Is there another audience, beyond your current one, that could appreciate what you’re already doing right now?
That group of potential customers could find value in what you have to offer; you only need to know the right messaging to communicate that value to them.
But how do you do that? How do you both find that audience and communicate your value proposition to them?
Pay-per-click (PPC) advertising could be your ticket to learning about those new customers and then effectively communicating to them.
That’s the theory behind the latest MECLABS Live Test, set to run at Web Optimization Summit 2014 in New York City this week. In today’s MarketingExperiments Blog post, I’ll give you a preview of that test.
While speaking at a marketing association event, Jon Powell, Senior Executive Content Writer, MECLABS, realized the attendees were not the typical audience he spoke to through MarketingExperiments.
That revelation got him thinking.
“The key question is, ‘How do I talk to them in a way that gets them interested?’” Jon said. “Of all the things we have at MarketingExperiments … research … experiments … what focus of content or what claim of value would connect with them the greatest, and how can I figure that out.”
One way to learn from new customers is with PPC testing. It requires no need for design or development. Therefore, it’s a fast and resource-light channel to perform testing on.
Both the MarketingExperiments audience and this newfound group of prospects all search for the same general information, products or services. They have similar motivation. However, each segment uses different terminology to find what they are looking for.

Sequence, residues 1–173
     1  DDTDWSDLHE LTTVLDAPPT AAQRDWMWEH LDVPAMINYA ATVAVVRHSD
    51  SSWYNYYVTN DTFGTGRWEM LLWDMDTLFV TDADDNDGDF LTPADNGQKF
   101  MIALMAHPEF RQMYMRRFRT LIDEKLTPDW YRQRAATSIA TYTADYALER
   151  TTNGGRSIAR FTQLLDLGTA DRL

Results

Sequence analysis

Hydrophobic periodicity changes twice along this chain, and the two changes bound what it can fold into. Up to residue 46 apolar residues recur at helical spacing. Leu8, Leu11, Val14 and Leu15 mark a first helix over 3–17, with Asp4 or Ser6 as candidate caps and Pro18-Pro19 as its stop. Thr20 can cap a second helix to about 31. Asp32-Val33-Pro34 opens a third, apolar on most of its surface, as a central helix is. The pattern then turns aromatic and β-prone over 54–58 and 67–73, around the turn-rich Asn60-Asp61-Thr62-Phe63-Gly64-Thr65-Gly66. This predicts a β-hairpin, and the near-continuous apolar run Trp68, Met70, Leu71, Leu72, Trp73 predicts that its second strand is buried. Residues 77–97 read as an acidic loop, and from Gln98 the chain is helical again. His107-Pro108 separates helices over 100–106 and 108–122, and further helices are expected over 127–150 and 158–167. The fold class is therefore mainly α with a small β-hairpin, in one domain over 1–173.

Based on keyword research and examining words that visitors used to reach the MarketingExperiments site, Jon and his team identified two types of search terminology that visitors used to match the same motivation:
- Tactical – Using search terms for “tactics,” “tips” and “techniques”
- Strategic – Using search terms such as “plans” and “strategy”
Test 1. Pre-Summit
The team decided to run a test before Summit to ensure validity could be acquired in the timeframe, and to provide additional discoveries to present at Summit.
The goal of Test 1 was to determine which value claims of MarketingExperiments best resonated with each segment. Using the value proposition of MarketingExperiments, the team selected three of the brand’s value claims:
- The largest public library
- The first public library
- The latest public library
For each segment, we had three treatments – one for each claim.
To help my fellow visual people, here’s the test design graphically:
We’ll be able to learn a couple insights from this test’s results:
- Which value claim best matches the motivation of visitors searching for information about marketing strategy and tactics?
- Which segment, Tactical or Strategic, is more motivated to clickthrough to the MarketingExperiments site, in response to our value claims as a whole?
Test 2. Live from Summit
Test 2 will take the winner of each segment and focus even deeper on its value claim. We’ll provide the audience with evidentials that back up the claim, and allow them to craft PPC ads of their own.
Jon and his team will pick two audience-crafted ads and pit them against one of their own. So ultimately, Test 2 will again have six PPC ads: three ads per segment.
This second test will question how to make a claim we now know appeals to prospects even more attractive. Does a general ad draw them with curiosity? Does specificity answer any doubts that your link is worth a click?
Be on the lookout in the B2B Marketing Newsletter of our sister company, MarketingSherpa, for a case study of the entire test and the key takeaways you can pull and apply to your own efforts. We’ll review the steps the team took, as well as the results and what they could mean for your PPC efforts.
Test 1 winners
The winners of Test 1 will be revealed on Day 1 of Summit, and we’ll update this post with those results here on Wednesday.
But before the big reveal, let us know in the comments which claim you think won each segment.
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